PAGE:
Disease Relevance: Amyotrophic Lateral Sclerosis, Frontotemporal Dementia
Strain Name: N/A
Genetic Background: C57BL/6J
Availability: Viral construct available through Leonard Petrucelli.
The six-nucleotide (GGGGCC) repeat expansion in C9ORF72 encodes five dipeptide-repeat proteins that accumulate in ALS/FTD: glycine-arginine (GR), proline-arginine (PR), glycine-alanine (GA), proline-alanine (PA), and glycine-proline (GP). The GFP-(GA)50 mouse allows researchers to specifically study the pathogenicity of poly(GA) in vivo in a vertebrate model. To create this model, an adeno-associated viral (AAV) vector encoding 50 GA repeats tagged with green fluorescent protein was injected into the ventricles of neonatal mice. GFP-(GA)50 mice exhibit ubiquitin-positive poly(GA) inclusions, progressive neuron loss, and motor and cognitive impairments.
In order to study the effects of protein aggregation on the pathogenicity of poly(GA) peptides, a second model, GFP-(GA)50-mut, was also generated, in which mice were injected intracerebroventricularly with an AAV expression vector in which a proline was inserted after every fifth GA repeat to disrupt the conformation of the peptide and inhibit its aggregation. Finally, control mice were injected with an AAV vector encoding GFP. Levels of transgene expression in the cortices and hippocampi were similar in GFP-(GA)50 and GFP-(GA)50-mut mice, but were higher in GFP mice.
Poly(GA)- and ubiquitin-positive inclusions were already present in neurons of 4- to 6-week-old GFP-(GA)50 mice but not GFP or GFP-(GA)50-mut mice. In the brains of 6-month GFP-(GA)50 mice, most poly(GA) inclusions were ubiquitin-positive. In addition, HR23A and HR23B, proteins involved in DNA repair and ubiquitin-dependent protein degradation (Yokoi and Hanaoka, 2017), and the nuclear pore complex proteins RanGAP1 and Pom121 co-localized with poly(GA) inclusions. Rare inclusions of phosphorylated TDP-43 were also observed. Inclusions were primarily cytoplasmic, but occasional nuclear inclusions occurred. Inclusions were found in cortex, hippocampus, olfactory bulb, cerebellum and thalamus. Poly(GA) proteins were only rarely seen in spinal cord.
GFP-(GA)50 mice lose neurons in the cortex and hippocampus as they age. At 4 to 6 weeks of age, brain weights and neuron numbers are similar among GFP-(GA)50, GFP-(GA)50-mut, and GFP mice, but at 6 months, the brains of GFP-(GA)50 mice weigh only about two-thirds of the GFP-(GA)50-mut and GFP animals’, with neuron loss occurring in cortex — including layer V of motor cortex — and the CA3 region of the hippocampus. Purkinje cell numbers also decline in GFP-(GA)50 mice.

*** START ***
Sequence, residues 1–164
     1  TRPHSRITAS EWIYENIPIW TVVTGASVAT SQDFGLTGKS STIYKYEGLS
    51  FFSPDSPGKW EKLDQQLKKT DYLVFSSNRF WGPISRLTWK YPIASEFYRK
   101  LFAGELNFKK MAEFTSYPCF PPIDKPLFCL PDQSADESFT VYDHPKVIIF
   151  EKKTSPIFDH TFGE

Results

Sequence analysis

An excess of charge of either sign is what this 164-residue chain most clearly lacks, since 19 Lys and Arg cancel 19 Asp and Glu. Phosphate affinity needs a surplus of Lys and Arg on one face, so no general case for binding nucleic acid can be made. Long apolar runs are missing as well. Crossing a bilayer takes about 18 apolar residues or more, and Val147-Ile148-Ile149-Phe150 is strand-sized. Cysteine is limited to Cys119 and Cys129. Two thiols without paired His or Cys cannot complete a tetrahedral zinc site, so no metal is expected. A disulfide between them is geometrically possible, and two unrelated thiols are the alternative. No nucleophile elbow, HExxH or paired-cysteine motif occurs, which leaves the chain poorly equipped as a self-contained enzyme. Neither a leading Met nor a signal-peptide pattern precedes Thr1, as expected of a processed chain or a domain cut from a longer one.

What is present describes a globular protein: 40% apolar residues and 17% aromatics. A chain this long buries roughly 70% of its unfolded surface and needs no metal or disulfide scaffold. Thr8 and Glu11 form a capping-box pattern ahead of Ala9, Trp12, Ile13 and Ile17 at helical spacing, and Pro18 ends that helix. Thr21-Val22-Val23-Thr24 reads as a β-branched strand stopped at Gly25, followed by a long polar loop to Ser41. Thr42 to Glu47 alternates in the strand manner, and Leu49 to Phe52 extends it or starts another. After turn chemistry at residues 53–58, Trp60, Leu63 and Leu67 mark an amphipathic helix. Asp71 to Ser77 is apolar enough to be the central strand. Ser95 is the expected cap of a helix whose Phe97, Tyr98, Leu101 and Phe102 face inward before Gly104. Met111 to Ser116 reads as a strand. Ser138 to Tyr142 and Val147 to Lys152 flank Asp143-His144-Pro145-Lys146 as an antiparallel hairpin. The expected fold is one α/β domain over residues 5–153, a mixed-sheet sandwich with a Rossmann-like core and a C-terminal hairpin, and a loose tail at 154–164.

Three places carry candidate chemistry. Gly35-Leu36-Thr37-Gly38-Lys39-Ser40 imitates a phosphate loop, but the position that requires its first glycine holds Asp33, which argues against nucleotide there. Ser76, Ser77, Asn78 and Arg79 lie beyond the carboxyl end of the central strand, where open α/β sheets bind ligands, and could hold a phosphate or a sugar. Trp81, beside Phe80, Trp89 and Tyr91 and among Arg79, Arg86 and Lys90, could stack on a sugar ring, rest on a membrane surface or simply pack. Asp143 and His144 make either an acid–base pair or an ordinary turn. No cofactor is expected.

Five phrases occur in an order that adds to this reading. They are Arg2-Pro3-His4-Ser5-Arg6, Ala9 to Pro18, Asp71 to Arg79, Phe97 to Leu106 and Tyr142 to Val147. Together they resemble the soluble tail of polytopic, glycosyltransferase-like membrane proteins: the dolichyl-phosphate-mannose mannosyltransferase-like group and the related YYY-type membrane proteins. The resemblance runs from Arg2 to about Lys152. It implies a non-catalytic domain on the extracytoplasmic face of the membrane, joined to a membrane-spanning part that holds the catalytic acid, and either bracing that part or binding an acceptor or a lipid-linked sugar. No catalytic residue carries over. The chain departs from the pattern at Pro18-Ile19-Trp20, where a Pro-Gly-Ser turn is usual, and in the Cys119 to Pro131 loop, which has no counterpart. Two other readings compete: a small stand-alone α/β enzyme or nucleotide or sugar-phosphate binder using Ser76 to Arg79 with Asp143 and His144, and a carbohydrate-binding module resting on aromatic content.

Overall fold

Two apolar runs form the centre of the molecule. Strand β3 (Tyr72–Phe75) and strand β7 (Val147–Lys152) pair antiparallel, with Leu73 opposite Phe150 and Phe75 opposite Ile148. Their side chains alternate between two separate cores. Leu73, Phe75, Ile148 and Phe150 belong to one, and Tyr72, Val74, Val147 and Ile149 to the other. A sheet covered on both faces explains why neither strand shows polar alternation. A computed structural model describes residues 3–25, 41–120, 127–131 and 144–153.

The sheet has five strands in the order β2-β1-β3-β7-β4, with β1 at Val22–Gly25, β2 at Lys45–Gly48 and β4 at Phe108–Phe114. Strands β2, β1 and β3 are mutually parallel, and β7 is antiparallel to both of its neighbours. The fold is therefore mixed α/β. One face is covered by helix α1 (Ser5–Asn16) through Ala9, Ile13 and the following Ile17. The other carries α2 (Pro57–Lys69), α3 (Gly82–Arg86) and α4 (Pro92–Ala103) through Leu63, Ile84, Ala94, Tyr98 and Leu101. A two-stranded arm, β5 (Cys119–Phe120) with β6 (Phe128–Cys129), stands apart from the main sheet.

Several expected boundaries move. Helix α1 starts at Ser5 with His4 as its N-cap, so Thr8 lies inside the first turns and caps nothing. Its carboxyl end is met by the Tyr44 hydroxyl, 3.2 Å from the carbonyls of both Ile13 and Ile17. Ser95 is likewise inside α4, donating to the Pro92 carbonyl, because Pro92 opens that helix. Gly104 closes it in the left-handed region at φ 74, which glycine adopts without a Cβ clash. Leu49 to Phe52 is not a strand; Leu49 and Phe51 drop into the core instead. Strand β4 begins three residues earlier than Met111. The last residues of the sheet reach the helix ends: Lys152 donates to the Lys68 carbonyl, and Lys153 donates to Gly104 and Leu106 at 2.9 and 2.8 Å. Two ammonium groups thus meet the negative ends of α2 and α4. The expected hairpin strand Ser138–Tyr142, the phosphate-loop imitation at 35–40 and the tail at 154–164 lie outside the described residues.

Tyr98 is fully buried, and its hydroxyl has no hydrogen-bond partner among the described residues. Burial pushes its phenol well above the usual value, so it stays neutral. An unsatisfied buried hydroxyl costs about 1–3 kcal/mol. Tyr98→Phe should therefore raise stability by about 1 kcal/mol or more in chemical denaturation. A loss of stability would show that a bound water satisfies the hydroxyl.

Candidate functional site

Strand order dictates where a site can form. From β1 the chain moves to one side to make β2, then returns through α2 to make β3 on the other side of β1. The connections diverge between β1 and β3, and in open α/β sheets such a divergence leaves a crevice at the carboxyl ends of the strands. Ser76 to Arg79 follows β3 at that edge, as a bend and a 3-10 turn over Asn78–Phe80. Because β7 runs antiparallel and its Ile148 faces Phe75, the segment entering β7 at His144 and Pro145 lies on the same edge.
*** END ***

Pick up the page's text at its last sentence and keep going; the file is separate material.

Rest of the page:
Astrogliosis was present in the cortices and hippocampi of 6-month-old GFP-(GA)50 mice, but microgliosis was not observed. Neither astrogliosis nor microgliosis were seen in GFP-(GA)50-mut or GFP mice.
Compared with GFP-(GA)50-mut and GFP mice, at 6 months of age, GFP-(GA)50 mice exhibited motor deficits (failure to extend hindlimbs and clasped forelimbs in a tail-suspension test), impaired coordination in the rotarod test, hyperactivity and increased anxiety in the open field, and deficits in contextual and cued fear conditioning.
The body weights of male GFP-(GA)50 mice are less than those of GFP-(GA)50-mut or GFP control mice, again measured at 6 months of age; however, the body weights of females do not differ between the three groups.
An adeno-associated viral (AAV) vector encoding 50 glycine-alanine (GA) repeats tagged with green fluorescent protein was injected into the ventricles of neonatal mice.
When visualized, these models will distributed over a 18 month timeline demarcated at the following intervals: 1mo, 3mo, 6mo, 9mo, 12mo, 15mo, 18mo+.
- Lower Motor Neuron Loss
- NMJ Abnormalities
- Muscle Atrophy
- Premature Death
Cortical Neuron Loss
At 6 months, neuron loss observed in cortex, including layer V of motor cortex.
Lower Motor Neuron Loss
Neuronal poly(GA)- and ubiquitin-positive inclusions already present at 4-6 weeks; rare TDP-43-positive inclusions.
Astrogliosis, but not microgliosis, in cortex and hippocampus, seen at 6 months.
Deficits in tail-suspension and rotarod tests, seen at 6 months.
Decreased body weight in males, but not females, seen at 6 months.
Last Updated: 21 Sep 2018
No Available Further Reading